On the basis of the findings of this Council and taking a view of the other publication from International Human Rights groups, it can be concluded that India is in breach of Universal Declaration of Human Rights General Assembly Resolution 217 A (111) December 1948. Article 5 of the resolution states clearly that 'no one shall be subject to cruel, inhuman or degrading treatment'. There is evidence for overt violation of article 9 and 14 of the International Covenant in civil and political rights.
There are sufficient grounds to indict certain officers who perpetrated the crimes in tribunals set up for war crimes. There is also evidence to lodge a case against the Indian administration in Kashmir before the Human Rights Commission in Europe and United Nations.
The punishments served by the Indian government on the few men of their armed forces are not sufficient and serve as an eye-wash for the consumption of the international community. The only purpose these admonishing sentences serve is a confession of the state of mayhem people of Kashmir have been subjected to day after day for the last five years and a reminder to the world community that 'violation of Human Rights in Kashmir remain unchanged and unabated'.
(1) The armed forces must be kept away from public meetings and places of worship.
(2) The armed forces must withdraw from the streets of Jammu & Kashmir and from the private properties occupied by them.
(3) Make the political parties of Kashmir credible and show respect for their views.
(4) Withdraw the third force of counter insurgents from the public ranks. They spread misinformation and cause more violence.
(5) It is a phenomenon commonly perceived in many political circles that 'stifle people with repressive measures create more militants'. The practice of chasing 'militants' into the depths of community causes unnecessary hardship to innocent civilians. The result may be that more innocent people convert to 'militancy'.
(6) Political process should be started with common people and popular leaders and not by propping up the 'dead horses' of Kashmir politics. That action brings more resentment and hostility. National Conference and Congress parties in Kashmir are parties of a clan of few people. They have not spoken against the human rights violations; therefore they will not be accepted as representative of the people of Kashmir. The mere indication of support by the Indian administration for this sect of people is a provocation and may cause more frustration and violence.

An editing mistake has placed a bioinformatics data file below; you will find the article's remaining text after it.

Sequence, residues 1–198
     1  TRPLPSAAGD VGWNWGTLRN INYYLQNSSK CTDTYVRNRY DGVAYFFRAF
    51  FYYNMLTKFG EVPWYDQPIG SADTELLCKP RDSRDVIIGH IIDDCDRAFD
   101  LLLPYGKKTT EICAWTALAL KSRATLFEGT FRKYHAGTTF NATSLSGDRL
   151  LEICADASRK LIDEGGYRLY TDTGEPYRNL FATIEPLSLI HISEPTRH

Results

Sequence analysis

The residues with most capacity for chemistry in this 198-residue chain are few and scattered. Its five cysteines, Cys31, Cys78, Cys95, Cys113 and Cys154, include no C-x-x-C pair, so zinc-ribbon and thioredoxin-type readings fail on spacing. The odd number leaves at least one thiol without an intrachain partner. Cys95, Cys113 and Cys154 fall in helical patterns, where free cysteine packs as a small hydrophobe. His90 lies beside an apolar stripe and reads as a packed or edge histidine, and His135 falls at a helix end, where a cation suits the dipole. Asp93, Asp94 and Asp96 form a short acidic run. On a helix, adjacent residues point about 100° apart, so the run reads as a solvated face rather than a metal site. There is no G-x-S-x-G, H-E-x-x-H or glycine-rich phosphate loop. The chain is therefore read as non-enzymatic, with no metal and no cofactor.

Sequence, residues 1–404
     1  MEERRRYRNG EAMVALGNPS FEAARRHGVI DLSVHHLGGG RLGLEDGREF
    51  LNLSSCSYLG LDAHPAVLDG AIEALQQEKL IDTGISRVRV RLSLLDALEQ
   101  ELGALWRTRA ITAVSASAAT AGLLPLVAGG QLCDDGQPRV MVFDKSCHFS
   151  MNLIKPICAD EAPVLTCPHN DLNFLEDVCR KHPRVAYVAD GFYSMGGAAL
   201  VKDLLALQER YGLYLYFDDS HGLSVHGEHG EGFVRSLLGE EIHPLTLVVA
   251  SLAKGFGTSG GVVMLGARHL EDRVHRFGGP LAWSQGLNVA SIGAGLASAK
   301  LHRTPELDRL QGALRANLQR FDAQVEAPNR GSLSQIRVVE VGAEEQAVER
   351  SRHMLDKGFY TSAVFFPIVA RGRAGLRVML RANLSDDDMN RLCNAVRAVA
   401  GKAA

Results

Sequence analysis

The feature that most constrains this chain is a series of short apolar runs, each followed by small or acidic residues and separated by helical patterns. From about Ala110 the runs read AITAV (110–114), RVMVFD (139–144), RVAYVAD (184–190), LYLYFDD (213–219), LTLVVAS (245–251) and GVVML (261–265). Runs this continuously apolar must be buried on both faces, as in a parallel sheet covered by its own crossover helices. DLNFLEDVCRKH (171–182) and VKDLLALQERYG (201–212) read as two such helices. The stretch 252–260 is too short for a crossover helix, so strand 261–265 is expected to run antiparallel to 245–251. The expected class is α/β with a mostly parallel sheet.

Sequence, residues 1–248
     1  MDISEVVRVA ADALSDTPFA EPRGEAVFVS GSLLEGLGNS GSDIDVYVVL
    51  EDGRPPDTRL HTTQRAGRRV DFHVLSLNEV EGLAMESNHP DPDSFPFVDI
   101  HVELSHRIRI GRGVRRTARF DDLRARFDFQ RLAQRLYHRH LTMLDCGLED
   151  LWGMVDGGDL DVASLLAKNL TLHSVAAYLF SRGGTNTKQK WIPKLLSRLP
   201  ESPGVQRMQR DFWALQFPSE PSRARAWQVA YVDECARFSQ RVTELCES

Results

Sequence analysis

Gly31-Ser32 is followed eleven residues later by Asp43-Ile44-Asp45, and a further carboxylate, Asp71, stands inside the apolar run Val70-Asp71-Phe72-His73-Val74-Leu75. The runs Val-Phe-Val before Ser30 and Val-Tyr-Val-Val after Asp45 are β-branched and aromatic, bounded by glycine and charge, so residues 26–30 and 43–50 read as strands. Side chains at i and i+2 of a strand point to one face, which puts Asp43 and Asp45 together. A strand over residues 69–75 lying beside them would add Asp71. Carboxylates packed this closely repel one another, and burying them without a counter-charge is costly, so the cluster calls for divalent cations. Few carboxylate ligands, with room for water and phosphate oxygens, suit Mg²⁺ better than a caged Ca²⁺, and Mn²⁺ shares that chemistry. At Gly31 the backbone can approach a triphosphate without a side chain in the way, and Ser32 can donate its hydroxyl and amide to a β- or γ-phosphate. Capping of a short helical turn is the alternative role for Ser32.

(7) Indian politicians of the upper cadre must establish a direct rapport with the public in Kashmir. That will preclude further damage to human lives. Mr Rajesh Pilot, the Indian Minister for Kashmir Affairs, spoke to people in open meetings. He did not come to any harm and it will be an advantage to have more dialogue at all levels than guns fire and tanks.
(8) It must be a priority for the Indian politician to safeguard India's economy and political environment. The billions of rupees spent every day to build a workshop of human rights violations in Kashmir must be diverted to the betterment of the people of India, who desperately need it. Indian prosperity must be seen working for the common person in India and not in perpetual underpinning of a machinery to demolish human beings and their habitat.
(9) Excessive force used to put down the revolution in Kashmir is counter-productive. The outcome of pervading with more forces into the midst of people is that more of them are exposed and more resentment occur resulting in more encounters. Human rights violations follow and that in turn incites more violence.
(10) Peace must be given a chance. Everyone must work towards that objective; leaders in Kashmir and the Indian administration. The 'Mexican stand-off' is not a way forward. The ice has to be broken. It must become apparent to politicians in India that enough blood has been shed.
(11) 'Confidence building measures must start operating now. Victims of torture, bereaved families, stranded households, orphaned children, raped women, crippled elderly and psychologically disturbed victims must all be brought to light and recognised, and adequately compensated, given medical attention, given their homes back and their livelihood and sustenance. One great compensation they will need is the vital assurance that the atrocities will not occur again.
(12) India must restore a semblance of normality in Kashmir. The local police must have authority, the judiciary must function independent of threats and pressures. All members of the legal profession must receive the respect they deserve.
(13) All prisoners must be given the benefit of a fair trial, and a right to defend themselves. They must be all able to engage the services of a solicitor or a council of their choice.
(14) All prisoners must receive the status of political prisoners and prisoners of war.
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